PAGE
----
How King Mansa Musa I Became The Richest Man Who Ever Lived

If you’re the type who browses Forbes’ lists of the world’s richest people while twirling coins between your fingers, you probably have a pretty good idea of who the richest of the rich are. Maybe you idolize names like Warren Buffet, Bill Gates, or Jeff Bezos.

But are they the wealthiest men who ever lived? While it may be impossible to accurately compare wealth across centuries, historical records indicate that some people in ancient history actually earned far more money than Bezos. As for who was the wealthiest, look no further than African King Musa Keita I, who ruled 14th-century Mali.

This isn’t the story of some guy who was really rich in just heart and spirit. Nope, this was a guy who made some serious cash…

If you’ve ever aspired to reach that upper-echelon of elite and obtain a net worth higher than most small countries, you’ve probably studied the rich of the rich: people like Amazon CEO Jeff Bezos (pictured here) or Microsoft creator Bill Gates.

Steve Jurvetson / Flickr

But are these truly the richest men who’ve ever lived? While it’s impossible to know for sure, oral reports and ancient documents tell us that, no, people like Bezos aren’t the first to amass such impressive wealth. For the true king of wealth, you have to look back to 14th-century Africa.

Heinrich Barth / Wikimedia

African King Musa Keita I was richer than any modern document can describe. As Time Magazine‘s Jacob Davidson wrote, “There’s really no way to put an accurate number on his wealth.” In other words, modern terminology just can’t capture all the money this king had. So how’d he get it? And what did he do with it?

Gogi Kamushadze / TedEd

In the 14th century, C.E, King Keita—also known as the King of Kings—ruled the Mali Empire. The empire encompassed 2,000 miles of fertile African lands laden with natural resources, like salt. And gold—lots and lots of gold.


As king, Keita made a few strategic decisions that capitalized on the wealth of the region. He annexed Timbuktu and asserted dominance over Gao, two cities that controlled trade from the Mediterranean Sea and the West African Coast. With important trade routes and resources at his fingertips, King Keita made his fortune—some estimates say it’d be worth $400 billion today.

Gogi Kamushadze / TedEd

And what do you do with all that money? Well, if you’re King Keita, you show it off on a 4,000-mile pilgrimage to Mecca. He made the journey with a train of people behind him so large and extensive that oral reports and documents can’t get the facts straight. But one thing all reports did confirm: King Keita’s group was massive.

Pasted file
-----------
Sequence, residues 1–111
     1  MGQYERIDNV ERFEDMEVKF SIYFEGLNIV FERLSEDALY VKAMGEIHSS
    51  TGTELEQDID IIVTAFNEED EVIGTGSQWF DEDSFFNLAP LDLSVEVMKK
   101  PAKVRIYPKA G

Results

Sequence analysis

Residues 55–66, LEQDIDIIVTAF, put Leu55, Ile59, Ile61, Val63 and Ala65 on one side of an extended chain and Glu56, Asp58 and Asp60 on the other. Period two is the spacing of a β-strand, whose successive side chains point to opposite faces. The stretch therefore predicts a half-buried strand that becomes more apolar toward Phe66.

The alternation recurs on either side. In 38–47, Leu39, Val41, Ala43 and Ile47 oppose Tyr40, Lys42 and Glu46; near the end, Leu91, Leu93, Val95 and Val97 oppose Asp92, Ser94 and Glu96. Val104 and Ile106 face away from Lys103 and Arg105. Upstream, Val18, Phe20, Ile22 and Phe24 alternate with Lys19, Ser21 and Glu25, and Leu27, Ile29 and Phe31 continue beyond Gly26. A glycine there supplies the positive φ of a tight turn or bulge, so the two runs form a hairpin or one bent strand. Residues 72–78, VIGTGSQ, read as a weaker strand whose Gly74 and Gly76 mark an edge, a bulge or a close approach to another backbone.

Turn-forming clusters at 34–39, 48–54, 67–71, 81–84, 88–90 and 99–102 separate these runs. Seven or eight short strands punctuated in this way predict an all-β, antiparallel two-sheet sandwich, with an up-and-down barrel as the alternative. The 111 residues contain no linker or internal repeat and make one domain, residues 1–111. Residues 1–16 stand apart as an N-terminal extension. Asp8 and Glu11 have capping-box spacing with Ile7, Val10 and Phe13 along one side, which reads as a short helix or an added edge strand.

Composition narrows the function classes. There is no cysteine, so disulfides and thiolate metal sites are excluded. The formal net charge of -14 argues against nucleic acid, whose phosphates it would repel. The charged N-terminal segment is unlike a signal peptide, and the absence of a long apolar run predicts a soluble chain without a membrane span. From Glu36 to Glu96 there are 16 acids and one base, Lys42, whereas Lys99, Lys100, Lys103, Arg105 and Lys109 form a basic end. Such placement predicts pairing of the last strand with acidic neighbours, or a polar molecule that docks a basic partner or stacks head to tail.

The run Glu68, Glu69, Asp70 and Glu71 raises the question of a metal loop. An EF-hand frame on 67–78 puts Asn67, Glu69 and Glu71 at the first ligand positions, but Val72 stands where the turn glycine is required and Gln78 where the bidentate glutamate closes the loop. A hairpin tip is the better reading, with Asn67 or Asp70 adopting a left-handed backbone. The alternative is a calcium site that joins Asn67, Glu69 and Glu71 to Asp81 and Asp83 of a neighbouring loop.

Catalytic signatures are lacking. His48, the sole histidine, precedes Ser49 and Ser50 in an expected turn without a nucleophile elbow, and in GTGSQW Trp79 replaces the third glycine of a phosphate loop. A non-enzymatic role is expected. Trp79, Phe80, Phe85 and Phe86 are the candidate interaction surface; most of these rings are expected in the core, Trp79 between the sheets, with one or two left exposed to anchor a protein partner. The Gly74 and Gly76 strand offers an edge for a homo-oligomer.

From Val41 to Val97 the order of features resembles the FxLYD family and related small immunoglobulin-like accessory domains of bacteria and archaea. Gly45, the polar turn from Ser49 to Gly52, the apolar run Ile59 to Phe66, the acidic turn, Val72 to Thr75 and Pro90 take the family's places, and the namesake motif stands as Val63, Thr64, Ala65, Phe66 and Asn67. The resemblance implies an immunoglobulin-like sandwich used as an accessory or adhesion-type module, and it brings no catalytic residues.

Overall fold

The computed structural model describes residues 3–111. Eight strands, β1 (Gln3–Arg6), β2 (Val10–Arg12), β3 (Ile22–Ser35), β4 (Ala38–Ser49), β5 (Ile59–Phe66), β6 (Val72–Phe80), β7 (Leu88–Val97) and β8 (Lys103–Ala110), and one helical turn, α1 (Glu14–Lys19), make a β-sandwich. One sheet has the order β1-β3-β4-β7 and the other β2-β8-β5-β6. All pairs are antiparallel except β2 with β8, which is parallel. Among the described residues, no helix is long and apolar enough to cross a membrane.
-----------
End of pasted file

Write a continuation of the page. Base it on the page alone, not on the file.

Tinou Bao / Flickr

As educator Jessica Smith reported in a TED Talk, “Chroniclers describe an entourage of tens of thousands of soldiers, civilians and slaves, 500 heralds bearing gold staffs and dressed in fine silks, and many camels and horses bearing an abundance of gold bars.”

Gogi Kamushadze / TedEd

Along the way to Mecca, King Keita stopped in cities like Cairo and spent gold on trinkets, donations for the poor, and erecting mosques along the way. All his spending actually destabilized the region’s economy and caused a mass inflation that would take years for the regions to recover from.

Emad Raúf / Flickr

You don’t spend unspeakable amounts of gold over a year-long journey without attracting the attention of countries around you. All of King Keita’s spending earned him and the Mali Empire a spot on Europe’s 1375 Catalan Atlas—the most important map in medieval Europe.

Gallica Digital Library / Wikimedia

King Keita wasn’t some gold-hoarding monster who flipped gold coins to peasants in exchange for embarrassing dance routines, either. He gave back to the land he ruled. A devout Muslim, he saw the legendary Djinguereber Mosque built in Timbuktu and established a university that attracted many great minds.

Edmond Fortier / Wikimedia

When he died in 1337, his son, Maghan I, took over the reins of the country—and he’d have big shoes to fill. “The king’s rich legacy persisted for generations,” Smith said, “and to this day, there are mausoleums, libraries, and mosques that stand as a testament to this golden age of Mali’s history.”

Gogi Kamushadze / TedEd

Watch Jessica Smith’s concise re-telling of history in the video below. When you hear the complete story of King Keita, you might be tempted to work a few hours of overtime tonight. Maybe some day you’ll be able to inflate a small economy, too!

King Keita I may have been the richest man to ever live, but he used his money to make the world around him a better place. Thankfully, that’s a route many modern philanthropists—including Jeff Bezos—take, too.

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